Give ordinary wood the charm of old age.
I love the look of old paint—I’ve often tried to capture it in new furniture I’ve made. I’m not trying to build fake antiques, however. I’m just trying to create a simple look that has the charm of old age.
I’m also a big fan of using salvaged lumber. It’s often free for the taking, but of course it comes with nail holes, cracks, chips and other defects. When I build a new project, I often start with a hodgepodge of boards. The secret to blending them together is to use paint. Here’s my recipe.
Begin by softening every edge, as if it been handled for years (Photo 1). Next, rough up exposed surfaces a bit with a classic faker’s tool: a bunch of keys and other hardware attached to a chain (Photo 2).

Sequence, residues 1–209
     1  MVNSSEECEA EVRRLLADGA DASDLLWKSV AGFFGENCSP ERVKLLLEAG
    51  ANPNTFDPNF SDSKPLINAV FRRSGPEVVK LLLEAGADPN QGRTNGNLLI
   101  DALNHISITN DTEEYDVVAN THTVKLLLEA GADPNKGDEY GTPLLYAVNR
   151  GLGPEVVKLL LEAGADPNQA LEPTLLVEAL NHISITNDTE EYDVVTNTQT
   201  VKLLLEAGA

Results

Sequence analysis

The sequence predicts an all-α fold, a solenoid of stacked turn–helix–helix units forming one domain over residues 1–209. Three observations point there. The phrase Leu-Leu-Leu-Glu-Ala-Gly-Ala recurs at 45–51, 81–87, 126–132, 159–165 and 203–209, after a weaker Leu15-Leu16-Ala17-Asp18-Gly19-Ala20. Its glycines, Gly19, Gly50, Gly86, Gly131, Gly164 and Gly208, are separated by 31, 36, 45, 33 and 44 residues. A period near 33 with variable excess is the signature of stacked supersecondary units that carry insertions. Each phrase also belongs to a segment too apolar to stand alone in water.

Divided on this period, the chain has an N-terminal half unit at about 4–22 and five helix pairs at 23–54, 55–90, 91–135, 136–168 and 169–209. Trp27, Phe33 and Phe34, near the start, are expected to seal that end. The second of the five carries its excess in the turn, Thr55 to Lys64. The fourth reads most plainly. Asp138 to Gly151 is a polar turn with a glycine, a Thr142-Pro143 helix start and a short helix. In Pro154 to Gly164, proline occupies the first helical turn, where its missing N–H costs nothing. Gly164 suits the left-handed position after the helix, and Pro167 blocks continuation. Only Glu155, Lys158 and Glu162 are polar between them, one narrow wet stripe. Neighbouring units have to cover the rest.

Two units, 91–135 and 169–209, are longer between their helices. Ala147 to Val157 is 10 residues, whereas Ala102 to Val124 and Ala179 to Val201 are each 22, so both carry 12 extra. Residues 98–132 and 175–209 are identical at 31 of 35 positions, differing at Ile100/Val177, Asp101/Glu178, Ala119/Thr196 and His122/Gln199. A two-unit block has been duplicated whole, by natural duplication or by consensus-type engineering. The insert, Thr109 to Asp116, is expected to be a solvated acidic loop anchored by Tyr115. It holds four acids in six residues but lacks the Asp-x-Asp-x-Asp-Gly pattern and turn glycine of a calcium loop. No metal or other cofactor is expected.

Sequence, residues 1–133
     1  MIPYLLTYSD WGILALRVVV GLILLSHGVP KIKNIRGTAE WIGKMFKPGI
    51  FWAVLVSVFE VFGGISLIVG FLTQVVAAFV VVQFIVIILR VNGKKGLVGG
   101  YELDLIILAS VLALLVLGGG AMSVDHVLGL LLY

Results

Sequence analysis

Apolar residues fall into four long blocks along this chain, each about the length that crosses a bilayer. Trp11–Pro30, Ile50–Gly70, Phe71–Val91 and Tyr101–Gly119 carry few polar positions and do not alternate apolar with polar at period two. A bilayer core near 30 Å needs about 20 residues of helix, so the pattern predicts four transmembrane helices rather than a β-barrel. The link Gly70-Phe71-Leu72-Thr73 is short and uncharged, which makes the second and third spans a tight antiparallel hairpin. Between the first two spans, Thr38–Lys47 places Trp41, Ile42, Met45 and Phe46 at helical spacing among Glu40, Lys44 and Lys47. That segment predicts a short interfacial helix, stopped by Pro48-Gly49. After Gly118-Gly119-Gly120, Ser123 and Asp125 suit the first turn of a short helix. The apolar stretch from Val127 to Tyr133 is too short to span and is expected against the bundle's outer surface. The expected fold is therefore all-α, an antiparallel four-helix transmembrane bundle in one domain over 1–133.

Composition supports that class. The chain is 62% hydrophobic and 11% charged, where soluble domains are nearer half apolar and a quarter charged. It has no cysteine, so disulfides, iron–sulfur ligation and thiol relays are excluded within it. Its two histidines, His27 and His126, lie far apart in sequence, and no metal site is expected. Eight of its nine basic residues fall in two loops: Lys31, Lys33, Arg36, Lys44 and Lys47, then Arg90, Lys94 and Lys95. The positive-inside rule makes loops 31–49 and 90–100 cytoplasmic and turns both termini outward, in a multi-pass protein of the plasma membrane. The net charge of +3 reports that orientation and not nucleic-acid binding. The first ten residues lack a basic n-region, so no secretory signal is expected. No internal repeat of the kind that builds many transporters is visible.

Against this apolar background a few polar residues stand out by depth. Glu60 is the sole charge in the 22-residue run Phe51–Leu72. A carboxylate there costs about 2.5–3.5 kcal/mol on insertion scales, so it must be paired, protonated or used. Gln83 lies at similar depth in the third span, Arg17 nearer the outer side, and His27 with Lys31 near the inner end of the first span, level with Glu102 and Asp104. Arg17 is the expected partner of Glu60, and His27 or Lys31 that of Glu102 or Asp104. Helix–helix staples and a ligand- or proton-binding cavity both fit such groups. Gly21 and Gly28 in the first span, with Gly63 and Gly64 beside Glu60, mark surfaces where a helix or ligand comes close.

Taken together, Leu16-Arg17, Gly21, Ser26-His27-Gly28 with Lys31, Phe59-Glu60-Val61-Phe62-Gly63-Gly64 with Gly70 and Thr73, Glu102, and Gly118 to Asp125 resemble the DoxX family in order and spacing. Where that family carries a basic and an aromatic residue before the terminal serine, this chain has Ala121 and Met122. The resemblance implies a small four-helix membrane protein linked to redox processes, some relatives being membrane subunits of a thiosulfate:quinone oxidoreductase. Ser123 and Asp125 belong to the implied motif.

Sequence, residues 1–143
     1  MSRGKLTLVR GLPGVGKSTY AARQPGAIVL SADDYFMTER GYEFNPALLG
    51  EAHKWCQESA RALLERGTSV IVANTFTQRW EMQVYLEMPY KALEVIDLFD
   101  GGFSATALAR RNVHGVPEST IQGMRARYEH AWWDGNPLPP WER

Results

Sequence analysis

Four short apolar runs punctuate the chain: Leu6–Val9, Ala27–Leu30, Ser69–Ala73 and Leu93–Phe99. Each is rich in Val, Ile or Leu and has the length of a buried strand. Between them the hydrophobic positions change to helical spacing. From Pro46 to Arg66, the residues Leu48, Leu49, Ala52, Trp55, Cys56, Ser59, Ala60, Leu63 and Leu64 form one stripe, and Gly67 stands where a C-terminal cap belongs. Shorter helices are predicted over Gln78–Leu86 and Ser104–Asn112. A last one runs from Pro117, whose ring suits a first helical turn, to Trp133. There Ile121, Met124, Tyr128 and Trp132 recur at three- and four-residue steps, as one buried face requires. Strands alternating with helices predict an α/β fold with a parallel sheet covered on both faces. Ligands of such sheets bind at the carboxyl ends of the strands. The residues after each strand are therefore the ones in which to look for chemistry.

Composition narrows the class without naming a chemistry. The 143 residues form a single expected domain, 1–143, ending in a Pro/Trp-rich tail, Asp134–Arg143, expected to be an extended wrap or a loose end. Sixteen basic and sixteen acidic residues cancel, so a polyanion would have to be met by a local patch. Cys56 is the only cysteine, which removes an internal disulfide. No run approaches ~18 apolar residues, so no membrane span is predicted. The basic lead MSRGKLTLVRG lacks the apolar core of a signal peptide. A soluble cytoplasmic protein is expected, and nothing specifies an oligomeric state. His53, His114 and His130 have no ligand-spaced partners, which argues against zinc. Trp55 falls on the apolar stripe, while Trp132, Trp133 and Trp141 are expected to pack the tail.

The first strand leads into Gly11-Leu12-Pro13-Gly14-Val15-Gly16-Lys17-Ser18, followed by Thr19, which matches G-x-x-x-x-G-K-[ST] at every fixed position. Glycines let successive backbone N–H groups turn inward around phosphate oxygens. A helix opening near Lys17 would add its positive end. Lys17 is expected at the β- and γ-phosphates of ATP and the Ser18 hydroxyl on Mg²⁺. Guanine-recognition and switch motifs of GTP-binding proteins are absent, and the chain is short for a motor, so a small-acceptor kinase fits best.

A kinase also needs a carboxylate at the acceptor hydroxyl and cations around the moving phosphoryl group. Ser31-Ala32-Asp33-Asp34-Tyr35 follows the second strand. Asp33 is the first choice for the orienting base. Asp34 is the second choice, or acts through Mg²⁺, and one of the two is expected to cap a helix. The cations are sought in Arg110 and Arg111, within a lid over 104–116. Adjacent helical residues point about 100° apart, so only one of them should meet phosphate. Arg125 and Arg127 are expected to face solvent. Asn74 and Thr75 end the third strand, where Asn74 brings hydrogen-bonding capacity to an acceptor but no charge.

To simulate years of grit, apply an acrylic texturing compound (Photo 3). You can leave it thick or smooth it out with a sponge.
Apply your favorite paint (Photo 4). I often use green because, well, it’s a “green” object, right?
Lastly, mute the paint’s color and add some grime by applying a glaze (Photo 5). Use your brush to work the glaze around until your project looks natural and well-loved.
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